5
$\begingroup$

I see a lot of use of Gaussian Processes for regression - fitting a GP model to data points, with a prior specifying the smoothness of the function, and using it to predict new values. However, I'm wondering if it's possible to use a GP to aid in calculating the likelihood of an explicit (parametric) model when you can expect the residuals to be smooth. Say you have data points $D$, an underlying model $X$, a forward model $f(X)$, and covariance $\Sigma$. In that case the likelihood could be written:

$$ L(\theta) = \mathcal{N}(D - f(X),\Sigma) $$

Where $\mathcal{N}$ is the multivariate normal. In my case (processed image data), $D$ is an image that was produced by projecting a model, adding random noise, and blurring with some PSF. $X$ is the "true" shape, and $f(X)$ is a the blurred image of that shape. Because of the blurring I expect errors to have smoothness - this is why I don't write the likelihood as just a product of independent likelihoods for each data point (pixel). Higher error covariance means more tolerance of disagreement between $f(X)$ and $D$, which makes sense for more distorted data.

I have a few questions:

  • Is this the right way to write the likelihood, where the covariance is used to describe the smoothness of the error? Am I right to think of the residuals as a Gaussian Process?
  • How do you estimate the covariance matrix?
  • Do you have to invert the covariance in order to calculate the likelihood? For a large image this could be impossible. Assuming the pixels only co-vary locally, can you speed this up?

Edit: What I've done so far.

Let $\mathbf{y} = \mathbf{D}-\mathbf{f(X)}$ be the RV for the residuals. Say that y are observations of a GP with zero mean and the following covariance (let's say square exponential from Rasmussen p. 19):

$$ K(\mathbf{x},\mathbf{x}') = \sigma_f^2\exp \left(-\frac{1}{2l^2}|\mathbf{x}-\mathbf{x}'|^2\right )+\sigma_n\delta_{xx'} $$

In that case the distribution for y is: $$ \mathbf{y} \sim \mathcal{N}(\mathbf{0},K+\sigma_n I) $$ So the posterior probability is possible to calculate as long as you can invert $K$. So now in my case I'd alternate between optimizing the hyperparameters of $K$ to better estimate the covariance of the residuals, and altering my underlying model X to reduce the residuals (which I guess will also bring the points closer to the GP prior since it's zero mean?). So where I'm stuck is: is the posterior probability for $\mathbf{y}$ the same as the one in my first equation? Or am I totally lost?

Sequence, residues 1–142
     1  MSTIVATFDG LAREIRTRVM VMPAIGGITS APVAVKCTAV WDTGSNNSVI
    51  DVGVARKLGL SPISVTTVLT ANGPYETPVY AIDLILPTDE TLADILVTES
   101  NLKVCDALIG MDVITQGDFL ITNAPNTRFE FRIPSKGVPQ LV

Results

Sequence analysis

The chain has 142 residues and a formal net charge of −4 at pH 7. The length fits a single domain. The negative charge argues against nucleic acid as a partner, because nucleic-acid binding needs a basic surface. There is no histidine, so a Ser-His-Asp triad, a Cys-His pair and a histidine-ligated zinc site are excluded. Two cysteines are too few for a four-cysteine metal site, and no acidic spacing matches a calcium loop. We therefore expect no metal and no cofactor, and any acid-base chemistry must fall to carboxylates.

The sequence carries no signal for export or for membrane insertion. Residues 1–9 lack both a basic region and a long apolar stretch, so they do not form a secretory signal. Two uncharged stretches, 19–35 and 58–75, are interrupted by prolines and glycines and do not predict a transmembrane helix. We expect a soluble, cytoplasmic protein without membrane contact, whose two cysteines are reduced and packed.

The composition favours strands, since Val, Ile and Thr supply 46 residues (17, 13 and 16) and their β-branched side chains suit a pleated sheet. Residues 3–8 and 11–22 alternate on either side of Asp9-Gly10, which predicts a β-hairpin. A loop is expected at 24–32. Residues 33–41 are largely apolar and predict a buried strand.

(And: is there any way to speed up / avoid the calculation of $\mathbf{y}^T(K+\sigma_n I)^{-1}\mathbf{y}$? Remember I have millions of residuals...)

$\endgroup$
  • $\begingroup$ Maybe I'll come back and write a full answer later, but: yes, it's reasonable to model residuals with a GP. This basically amounts to using the parametric model as your mean function. In terms of speeding up inference: since you're working with images, the points are probably aligned on a grid, so Kronecker-based inference methods are likely to work quite well. $\endgroup$ – Dougal Aug 22 '15 at 6:39
  • $\begingroup$ @Dougal thanks for your comment. Thinking of the parametric model as the mean function does make sense - I guess I hadn't realized this was what the mean function was for. Is the likelihood of the GP what I want to maximize? I mean, I haven't seen elsewhere a justification for altering the mean as well as the hyperparameters to improve this likelihood. Also, I hadn't heard of Kronecker methods before but they sound really cool. Do they work well in practice? $\endgroup$ – cgreen Aug 23 '15 at 20:29
  • $\begingroup$ The mean function is just another hyperparameter! Depending on how the parametric model works it might be easier to fit it first and then fit the residuals, but if you can optimize the combined likelihood, I'm not aware of any bad properties that come out of that. $\endgroup$ – Dougal Aug 24 '15 at 0:05

Your Answer

By clicking “Post Your Answer”, you agree to our terms of service, privacy policy and cookie policy

Browse other questions tagged or ask your own question.